Bricks-and-mortar retailing has a future. But if the pundits are right, it will look and feel very different than it does today.
In the future…
‘Stores will be multifaceted, able to communicate in more relevant ways. They will share control with the shopper, for a closer connection to what’s going on in your life.’—Lee Carpenter, chairman and CEO, Interbrand North America and Design Forum
‘The store of the future is not a store at all. It’s a social happening that is mobile, sustainable, and all about entertainment. It’s power brand accessibility to the young experimental set, where the art, design and style scene explodes into an immersive live event. It’s edgy and reinvents itself, revolutionizing the retail industry with a phat focus on relevance. ’ —Steve McGowan, VP, managing creative director, FRCH Design Worldwide
‘Stores may not be stores. They will be places where people try products, customize them, make them more eco-friendly, create a special scent or size “just for me.” And then, either the retailer can create an extra dozen items to sell to others “just like them” on eBay—or the consumer will go home and auction the outfit/merchandise they just replaced.’—Ken Nisch, chairman, JGA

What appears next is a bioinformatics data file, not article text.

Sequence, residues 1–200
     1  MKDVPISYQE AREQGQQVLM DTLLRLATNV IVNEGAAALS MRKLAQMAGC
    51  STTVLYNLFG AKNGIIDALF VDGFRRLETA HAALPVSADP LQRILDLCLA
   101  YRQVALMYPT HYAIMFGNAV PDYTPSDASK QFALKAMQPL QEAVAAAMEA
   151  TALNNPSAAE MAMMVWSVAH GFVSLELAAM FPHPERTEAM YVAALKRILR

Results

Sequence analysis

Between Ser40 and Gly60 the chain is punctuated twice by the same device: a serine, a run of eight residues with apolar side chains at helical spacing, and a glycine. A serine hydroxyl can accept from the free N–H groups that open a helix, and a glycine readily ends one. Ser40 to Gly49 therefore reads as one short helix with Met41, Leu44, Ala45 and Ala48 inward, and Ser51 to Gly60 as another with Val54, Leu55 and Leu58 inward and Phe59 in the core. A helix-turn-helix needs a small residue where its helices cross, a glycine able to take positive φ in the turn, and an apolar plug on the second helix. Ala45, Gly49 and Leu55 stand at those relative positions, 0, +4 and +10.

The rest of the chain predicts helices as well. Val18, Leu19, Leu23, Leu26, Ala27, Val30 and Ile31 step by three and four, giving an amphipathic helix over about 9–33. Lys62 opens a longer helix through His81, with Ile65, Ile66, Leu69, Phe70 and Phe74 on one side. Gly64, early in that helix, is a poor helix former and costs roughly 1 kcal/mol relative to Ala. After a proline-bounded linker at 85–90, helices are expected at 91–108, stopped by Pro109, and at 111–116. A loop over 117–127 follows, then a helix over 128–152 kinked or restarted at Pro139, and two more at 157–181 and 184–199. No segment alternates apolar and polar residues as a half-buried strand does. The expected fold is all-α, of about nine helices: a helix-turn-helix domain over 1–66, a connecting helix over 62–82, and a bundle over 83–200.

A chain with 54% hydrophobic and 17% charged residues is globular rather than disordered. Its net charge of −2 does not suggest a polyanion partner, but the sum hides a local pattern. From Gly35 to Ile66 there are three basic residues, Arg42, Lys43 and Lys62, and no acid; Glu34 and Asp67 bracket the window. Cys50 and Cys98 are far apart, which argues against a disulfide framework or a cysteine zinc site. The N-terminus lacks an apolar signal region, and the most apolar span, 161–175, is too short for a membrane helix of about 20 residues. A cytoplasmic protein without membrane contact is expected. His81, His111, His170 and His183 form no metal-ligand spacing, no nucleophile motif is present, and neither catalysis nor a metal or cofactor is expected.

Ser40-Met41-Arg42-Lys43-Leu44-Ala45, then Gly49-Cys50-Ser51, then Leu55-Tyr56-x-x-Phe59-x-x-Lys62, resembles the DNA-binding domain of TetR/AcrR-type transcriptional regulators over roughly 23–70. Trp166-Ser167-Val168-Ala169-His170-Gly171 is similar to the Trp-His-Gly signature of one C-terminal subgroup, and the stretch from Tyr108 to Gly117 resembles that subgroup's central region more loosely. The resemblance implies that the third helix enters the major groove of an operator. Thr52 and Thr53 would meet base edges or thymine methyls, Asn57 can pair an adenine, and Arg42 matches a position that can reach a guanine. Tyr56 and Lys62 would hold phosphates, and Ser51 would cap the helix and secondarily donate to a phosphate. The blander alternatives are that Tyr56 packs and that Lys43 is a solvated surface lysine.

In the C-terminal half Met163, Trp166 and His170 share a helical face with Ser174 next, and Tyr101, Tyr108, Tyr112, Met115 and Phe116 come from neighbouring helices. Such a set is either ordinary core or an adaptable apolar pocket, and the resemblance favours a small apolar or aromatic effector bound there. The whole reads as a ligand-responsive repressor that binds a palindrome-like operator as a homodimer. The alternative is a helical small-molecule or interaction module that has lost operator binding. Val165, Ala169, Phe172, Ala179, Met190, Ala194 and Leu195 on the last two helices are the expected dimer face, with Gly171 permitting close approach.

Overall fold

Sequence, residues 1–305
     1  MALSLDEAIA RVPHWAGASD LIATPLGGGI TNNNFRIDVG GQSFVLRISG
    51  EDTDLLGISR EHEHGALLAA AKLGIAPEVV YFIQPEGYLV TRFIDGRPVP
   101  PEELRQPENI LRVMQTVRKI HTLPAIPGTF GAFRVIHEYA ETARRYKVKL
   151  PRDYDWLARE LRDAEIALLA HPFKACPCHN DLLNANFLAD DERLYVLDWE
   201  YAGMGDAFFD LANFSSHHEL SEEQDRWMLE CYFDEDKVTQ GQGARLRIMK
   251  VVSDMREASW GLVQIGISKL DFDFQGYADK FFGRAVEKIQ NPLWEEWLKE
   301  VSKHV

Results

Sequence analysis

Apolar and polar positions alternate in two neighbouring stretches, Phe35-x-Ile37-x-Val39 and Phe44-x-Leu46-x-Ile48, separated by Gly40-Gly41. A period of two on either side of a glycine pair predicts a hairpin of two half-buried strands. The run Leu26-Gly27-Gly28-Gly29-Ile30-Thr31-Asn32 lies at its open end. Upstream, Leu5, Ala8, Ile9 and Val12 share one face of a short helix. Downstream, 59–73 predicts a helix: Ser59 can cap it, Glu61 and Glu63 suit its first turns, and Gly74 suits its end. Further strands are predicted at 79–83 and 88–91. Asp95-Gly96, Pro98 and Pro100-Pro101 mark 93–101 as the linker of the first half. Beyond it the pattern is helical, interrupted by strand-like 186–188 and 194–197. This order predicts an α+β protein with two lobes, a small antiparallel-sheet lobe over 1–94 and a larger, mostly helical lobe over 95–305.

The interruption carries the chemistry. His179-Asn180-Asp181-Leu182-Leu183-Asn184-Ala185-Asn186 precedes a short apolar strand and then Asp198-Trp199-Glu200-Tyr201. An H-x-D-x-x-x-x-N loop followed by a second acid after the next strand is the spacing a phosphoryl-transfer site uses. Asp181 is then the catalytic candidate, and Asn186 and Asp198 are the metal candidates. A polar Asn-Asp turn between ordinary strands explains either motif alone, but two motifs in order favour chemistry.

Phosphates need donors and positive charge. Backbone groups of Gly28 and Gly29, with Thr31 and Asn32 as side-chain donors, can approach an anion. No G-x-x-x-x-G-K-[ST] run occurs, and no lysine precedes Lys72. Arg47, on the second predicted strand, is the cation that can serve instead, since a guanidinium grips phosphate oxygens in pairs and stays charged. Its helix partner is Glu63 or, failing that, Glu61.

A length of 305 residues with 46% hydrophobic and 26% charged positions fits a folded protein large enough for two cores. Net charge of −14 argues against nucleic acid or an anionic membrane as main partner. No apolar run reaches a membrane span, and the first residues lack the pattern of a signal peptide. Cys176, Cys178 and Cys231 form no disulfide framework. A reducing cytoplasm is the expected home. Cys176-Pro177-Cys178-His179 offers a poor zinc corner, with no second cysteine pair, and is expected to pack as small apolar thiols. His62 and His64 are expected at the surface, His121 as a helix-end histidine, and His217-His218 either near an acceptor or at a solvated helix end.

‘Stores of the future will be about experience and social connections. They will shatter borders and delight the senses with a global perspective, linking vibrant new communities with technology, shared style, and attitudes.’—Brian Shafley, president and creative director, Chute Gerdeman Retail
‘Stores will be the social meccas that they are today and were in the past. Ever-changing technology will help to reduce the less desirable functions of the retail experience such as fitting rooms and checkout lines, allowing the customer to encounter a more gratifying and convenient shopping experience. ’—Fred Margulies, director of marketing, Herschman Architects
‘Stores will not look anything like they look now. This time for real. With the eventual proliferation of megaease, mega-fun shopping online (think voice recognition, avatar try-on and virtual stimulation), stores will have to take on the dimension of experience full force in new old ways: smart, lovely people to talk to, wonderful things to touch and try, incredible visual media and only the newest of the new to gaze at [remember when stores were like that?]. Hurry up, future. ’—Lee Peterson, VP, brand and creative services, WD Partners